Measuring the spectral index of turbulent gas with deep learning from projected density maps

Piero Trevisan, Mario Pasquato, Alessandro Ballone, Michela Mapelli

    Research output: Contribution to journalArticlepeer-review

    Abstract

    Turbulence plays a key role in star formation in molecular clouds, affecting star cluster primordial properties. As modelling present-day objects hinges on our understanding of their initial conditions, better constraints on turbulence can result in windfalls in Galactic archaeology, star cluster dynamics, and star formation. Observationally, constraining the spectral index of turbulent gas usually involves computing spectra from velocity maps. Here, we suggest that information on the spectral index might be directly inferred from column density maps (possibly obtained by dust emission/absorption) through deep learning. We generate mock density maps from a large set of adaptive mesh refinement turbulent gas simulations using the hydro-simulation code RAMSES. We train a convolutional neural network (CNN) on the resulting images to predict the turbulence index, optimize hyperparameters in validation and test on a holdout set. Our adopted CNN model achieves a mean squared error of 0.024 in its predictions on our holdout set, over underlying spectral indexes ranging from 3 to 4.5. We also perform robustness tests by applying our model to altered holdout set images, and to images obtained by running simulations at different resolutions. This preliminary result on simulated density maps encourages further developments on real data, where observational biases and other issues need to be taken into account.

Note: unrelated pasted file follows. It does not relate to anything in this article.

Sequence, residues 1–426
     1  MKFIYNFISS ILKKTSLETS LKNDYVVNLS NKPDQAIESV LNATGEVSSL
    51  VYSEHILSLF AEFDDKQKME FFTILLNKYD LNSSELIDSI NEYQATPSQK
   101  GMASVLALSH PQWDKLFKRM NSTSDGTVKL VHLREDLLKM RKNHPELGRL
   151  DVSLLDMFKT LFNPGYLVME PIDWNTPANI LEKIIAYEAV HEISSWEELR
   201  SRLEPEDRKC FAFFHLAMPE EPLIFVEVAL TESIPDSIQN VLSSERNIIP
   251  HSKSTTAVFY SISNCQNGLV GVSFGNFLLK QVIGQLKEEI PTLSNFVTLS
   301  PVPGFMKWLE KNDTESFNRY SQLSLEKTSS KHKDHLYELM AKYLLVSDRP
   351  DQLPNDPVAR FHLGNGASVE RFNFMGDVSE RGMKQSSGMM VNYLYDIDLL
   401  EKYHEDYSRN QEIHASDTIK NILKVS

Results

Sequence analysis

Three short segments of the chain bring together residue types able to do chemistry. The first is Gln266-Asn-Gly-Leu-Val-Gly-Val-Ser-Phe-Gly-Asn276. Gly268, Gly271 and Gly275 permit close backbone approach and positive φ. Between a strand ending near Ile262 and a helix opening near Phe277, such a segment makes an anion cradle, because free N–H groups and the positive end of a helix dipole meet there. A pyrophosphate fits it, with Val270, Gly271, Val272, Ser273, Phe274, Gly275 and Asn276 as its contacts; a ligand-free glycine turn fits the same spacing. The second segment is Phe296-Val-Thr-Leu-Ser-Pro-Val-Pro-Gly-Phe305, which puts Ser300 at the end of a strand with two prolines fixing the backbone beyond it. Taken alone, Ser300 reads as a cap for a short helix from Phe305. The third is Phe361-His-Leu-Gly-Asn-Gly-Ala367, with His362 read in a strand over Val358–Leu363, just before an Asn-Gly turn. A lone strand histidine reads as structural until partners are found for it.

Original languageEnglish (US)
    Pages (from-to)5798-5803
    Number of pages6
    JournalMonthly Notices of the Royal Astronomical Society
    Volume498
    Issue number4
    DOIs
    StatePublished - Nov 1 2020

    Keywords

    • Hydrodynamics
    • Methods: numerical
    • Methods: statistical
    • Turbulence

    ASJC Scopus subject areas

    • Astronomy and Astrophysics
    • Space and Planetary Science

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